Both a university professor and a retail employee must work to survive; but a professor has huge power over their everyday activity, while a shop assistant does not. A professor does have broad parameters within which they must work, but there is ample room for creativity and the ability to set their own tasks. A shop worker has a set of very narrowly defined tasks with little variation, and must carry them out according to specific instructions.
Using this definition, the working class remain a majority in British society:
Over eight million of us still have manual jobs, and another eight million are clerks, secretaries, sales assistants and in other personal and customer-service jobs. That adds up to well over half the workforce and still excludes teachers, health workers such as nurses, and train drivers, who are assigned to categories such as ‘professional occupations’ Most people work for others, and lack control over their own labour. But many of them are no longer toiling away in factories and mines. The last three decades have seen the dramatic rise of a new service-sector working class. Their jobs are cleaner and less physically arduous, but often of a lower status, insecure, and poorly paid.
Moreover, as Mark Serwotka, leader of the Public and Commercial Services union, observes in Chavs, ‘I think the jobs that working-class people do are changing and quite clearly now there aren’t miners, there aren’t big steelworks in the way there was when I was growing up. But in the new industries, I think we actually see exploitation of working people on a par if not greater than we’ve ever seen before.’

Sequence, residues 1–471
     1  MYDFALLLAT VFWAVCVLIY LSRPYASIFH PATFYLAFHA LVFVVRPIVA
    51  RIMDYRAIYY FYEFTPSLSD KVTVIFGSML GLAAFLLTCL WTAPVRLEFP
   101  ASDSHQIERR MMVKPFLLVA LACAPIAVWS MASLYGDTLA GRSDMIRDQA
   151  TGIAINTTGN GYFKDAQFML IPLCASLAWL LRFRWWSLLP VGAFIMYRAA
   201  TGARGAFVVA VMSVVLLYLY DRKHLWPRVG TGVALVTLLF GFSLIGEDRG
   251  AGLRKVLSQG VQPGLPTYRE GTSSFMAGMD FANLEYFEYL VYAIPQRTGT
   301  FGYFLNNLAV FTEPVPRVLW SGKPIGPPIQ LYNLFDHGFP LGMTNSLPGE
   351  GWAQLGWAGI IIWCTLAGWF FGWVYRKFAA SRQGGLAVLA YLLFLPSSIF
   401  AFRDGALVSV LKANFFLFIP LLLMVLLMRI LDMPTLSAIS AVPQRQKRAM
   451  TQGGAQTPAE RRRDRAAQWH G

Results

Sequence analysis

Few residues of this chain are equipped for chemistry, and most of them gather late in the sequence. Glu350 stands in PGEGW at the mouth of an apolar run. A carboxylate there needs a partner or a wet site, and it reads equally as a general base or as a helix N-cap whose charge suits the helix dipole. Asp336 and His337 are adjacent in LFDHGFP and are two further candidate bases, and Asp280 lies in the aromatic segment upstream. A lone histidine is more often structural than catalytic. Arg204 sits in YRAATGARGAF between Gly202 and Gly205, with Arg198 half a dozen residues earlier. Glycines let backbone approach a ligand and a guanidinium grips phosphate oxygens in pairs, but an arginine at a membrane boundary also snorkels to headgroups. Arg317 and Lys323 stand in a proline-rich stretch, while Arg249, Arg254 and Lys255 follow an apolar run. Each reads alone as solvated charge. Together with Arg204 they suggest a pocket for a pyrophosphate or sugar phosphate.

Owen Jones offers the example of Mary Cunningham, a fifty-five-year-old supermarket worker in Newcastle. She is a child of the old industrial working class, since her father was a miner until the pits closed.
She left school in the middle of O-levels to look after her dying mother, although school wasn’t for her in any case. Her first job was working on ‘the old, press-down tills’ at the now defunct Woolworth’s, and she remembers being there when decimalization came to replace the old pounds, shillings and pence in 1971. Mary is an important part of the puzzle of modern working-class Britain. Supermarket workers like her, derided as ‘chavs’ by websites like ChavTowns, are one of the chief components of the new working class. Retail is the second biggest employer in the country, with nearly three million people working in British shops: that’s more than one in ten workers, and a threefold increase since 1980. And then there’s the pay. If you work on a checkout in Mary’s supermarket, you can expect to make just £6.12 an hour. Lunch is unpaid. This is pretty standard.